The Politics of Food and Diplomacy in the Imjin War (1592-98)
By Nam-lin Hur, The University of British Columbia / Korea Colloquium Series
Monday, January 31, 2011
11377 Bunche Hall
What dictated the 1592-98 war in Korea? In this talk, Hur suggests that the contours of this war and the historical change that followed from it had to do with issues of food and diplomacy. Here, “food” means the logistics of providing food to combatants. It refers to all government actions and systems related to procuring and delivering military food supplies. On the other hand, “diplomacy” refers to the efforts which China and Japan made in order to achieve a negotiated solution for the conflict while Korea remained reluctant. The question of diplomacy holds the key to understanding the geopolitical context of the war in sixteenth-century East Asia. By focusing on the period of 1597 to 1598 in which the issues of food and diplomacy featured least prominently, Hur suggests that the ways in which this seven-year war came to a close were still shaped by the equation of food and diplomacy. In this discussion, Hur situates the factors of food and diplomacy in the context of how governing systems and socio-cultural forces affected the wartime actions and reactions of Korean, Japanese, and Chinese leaders.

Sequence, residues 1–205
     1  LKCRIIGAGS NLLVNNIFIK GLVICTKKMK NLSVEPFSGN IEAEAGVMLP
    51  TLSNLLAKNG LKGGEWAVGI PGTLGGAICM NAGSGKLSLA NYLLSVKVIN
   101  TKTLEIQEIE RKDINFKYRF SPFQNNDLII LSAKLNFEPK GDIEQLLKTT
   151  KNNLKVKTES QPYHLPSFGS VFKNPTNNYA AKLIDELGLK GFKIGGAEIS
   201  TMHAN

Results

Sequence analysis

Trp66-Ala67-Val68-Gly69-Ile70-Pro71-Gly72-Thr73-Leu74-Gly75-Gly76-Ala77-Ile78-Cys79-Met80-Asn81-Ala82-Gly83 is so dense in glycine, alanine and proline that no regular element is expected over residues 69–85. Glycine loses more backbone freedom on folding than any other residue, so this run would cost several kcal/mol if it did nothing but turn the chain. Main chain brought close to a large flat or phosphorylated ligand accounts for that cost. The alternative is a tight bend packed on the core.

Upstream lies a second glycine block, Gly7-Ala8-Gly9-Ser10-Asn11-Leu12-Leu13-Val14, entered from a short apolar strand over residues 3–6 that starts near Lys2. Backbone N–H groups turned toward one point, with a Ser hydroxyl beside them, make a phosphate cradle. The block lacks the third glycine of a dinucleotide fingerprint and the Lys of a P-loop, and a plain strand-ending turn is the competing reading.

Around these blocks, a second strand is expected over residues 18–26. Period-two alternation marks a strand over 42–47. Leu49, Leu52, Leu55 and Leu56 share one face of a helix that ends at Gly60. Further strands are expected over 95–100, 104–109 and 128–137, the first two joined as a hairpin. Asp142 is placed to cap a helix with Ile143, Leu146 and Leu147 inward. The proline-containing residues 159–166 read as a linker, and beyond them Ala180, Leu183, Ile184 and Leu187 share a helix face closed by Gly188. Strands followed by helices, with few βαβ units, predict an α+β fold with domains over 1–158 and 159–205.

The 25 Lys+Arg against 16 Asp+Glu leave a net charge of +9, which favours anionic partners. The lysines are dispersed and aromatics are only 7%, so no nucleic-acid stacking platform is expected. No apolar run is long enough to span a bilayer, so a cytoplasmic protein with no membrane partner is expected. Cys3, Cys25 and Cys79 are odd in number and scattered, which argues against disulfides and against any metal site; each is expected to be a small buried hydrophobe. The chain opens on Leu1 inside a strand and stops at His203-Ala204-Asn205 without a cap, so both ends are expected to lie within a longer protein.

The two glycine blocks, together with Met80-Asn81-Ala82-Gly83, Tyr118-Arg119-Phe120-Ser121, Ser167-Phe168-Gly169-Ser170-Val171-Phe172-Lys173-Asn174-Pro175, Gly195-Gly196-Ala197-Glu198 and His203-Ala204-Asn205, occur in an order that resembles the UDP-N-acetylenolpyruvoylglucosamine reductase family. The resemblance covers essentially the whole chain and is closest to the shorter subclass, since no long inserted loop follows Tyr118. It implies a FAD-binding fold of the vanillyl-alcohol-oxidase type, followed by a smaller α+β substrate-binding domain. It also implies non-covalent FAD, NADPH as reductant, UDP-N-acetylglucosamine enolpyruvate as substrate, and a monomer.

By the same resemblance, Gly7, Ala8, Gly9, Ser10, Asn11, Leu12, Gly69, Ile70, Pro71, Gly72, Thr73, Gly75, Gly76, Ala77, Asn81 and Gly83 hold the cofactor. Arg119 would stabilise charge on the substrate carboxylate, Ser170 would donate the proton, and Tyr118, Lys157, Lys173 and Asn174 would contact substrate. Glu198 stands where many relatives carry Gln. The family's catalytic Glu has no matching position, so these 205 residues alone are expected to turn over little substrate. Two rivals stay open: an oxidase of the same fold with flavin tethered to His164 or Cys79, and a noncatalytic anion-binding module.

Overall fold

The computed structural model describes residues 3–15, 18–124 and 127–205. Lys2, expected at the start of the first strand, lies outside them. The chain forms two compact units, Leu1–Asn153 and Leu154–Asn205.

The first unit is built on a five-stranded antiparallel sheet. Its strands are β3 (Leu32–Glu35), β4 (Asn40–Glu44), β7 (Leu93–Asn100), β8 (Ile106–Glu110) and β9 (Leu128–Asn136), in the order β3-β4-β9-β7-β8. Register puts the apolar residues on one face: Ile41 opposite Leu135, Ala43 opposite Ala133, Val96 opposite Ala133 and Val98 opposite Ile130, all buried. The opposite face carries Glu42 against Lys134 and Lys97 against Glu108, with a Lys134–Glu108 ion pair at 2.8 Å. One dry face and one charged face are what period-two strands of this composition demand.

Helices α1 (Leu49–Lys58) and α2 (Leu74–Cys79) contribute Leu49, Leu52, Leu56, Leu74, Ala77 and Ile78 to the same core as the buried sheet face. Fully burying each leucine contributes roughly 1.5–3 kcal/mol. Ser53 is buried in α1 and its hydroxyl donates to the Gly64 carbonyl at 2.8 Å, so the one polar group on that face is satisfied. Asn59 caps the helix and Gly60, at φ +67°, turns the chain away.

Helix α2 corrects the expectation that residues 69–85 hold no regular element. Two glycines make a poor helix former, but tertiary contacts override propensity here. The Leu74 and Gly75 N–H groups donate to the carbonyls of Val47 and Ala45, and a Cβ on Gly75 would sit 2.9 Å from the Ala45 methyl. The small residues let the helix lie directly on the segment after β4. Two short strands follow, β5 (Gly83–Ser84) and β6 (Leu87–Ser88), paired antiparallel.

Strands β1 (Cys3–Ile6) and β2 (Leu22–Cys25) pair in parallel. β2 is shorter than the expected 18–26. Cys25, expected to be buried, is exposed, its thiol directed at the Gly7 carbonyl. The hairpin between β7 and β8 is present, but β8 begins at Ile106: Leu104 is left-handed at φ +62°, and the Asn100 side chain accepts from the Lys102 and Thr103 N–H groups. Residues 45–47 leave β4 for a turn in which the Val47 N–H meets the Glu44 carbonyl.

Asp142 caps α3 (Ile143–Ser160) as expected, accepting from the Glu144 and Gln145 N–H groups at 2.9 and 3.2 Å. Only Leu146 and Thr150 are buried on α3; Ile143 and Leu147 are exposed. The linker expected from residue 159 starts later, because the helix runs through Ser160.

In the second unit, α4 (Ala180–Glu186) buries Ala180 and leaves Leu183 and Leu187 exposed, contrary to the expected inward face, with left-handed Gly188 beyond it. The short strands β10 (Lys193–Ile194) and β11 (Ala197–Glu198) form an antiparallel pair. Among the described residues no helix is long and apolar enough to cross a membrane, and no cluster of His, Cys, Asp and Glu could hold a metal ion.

Professor Nam-lin Hur (Ph.D., Princeton) teaches premodern Japanese history and Korean-Japanese relations in the Department of Asian Studies, University of British Columbia, and conducts research on foreign relations, religion, and society in premodern Korea and Japan. His major publications include Prayer and Play in Late Tokugawa Japan: Asakusa Sensōji and Edo Society (2000) and Buddhism and Social Order in Tokugawa Japan: Buddhism, Anti-Christianity, and the Danka System (2007). His current monograph projects involve “Japan’s Invasion of Korea in Premodern East Asia, 1592-98” and “Kaichō and Religious Culture in Early Modern Japan.”
This event is free and open to the public.
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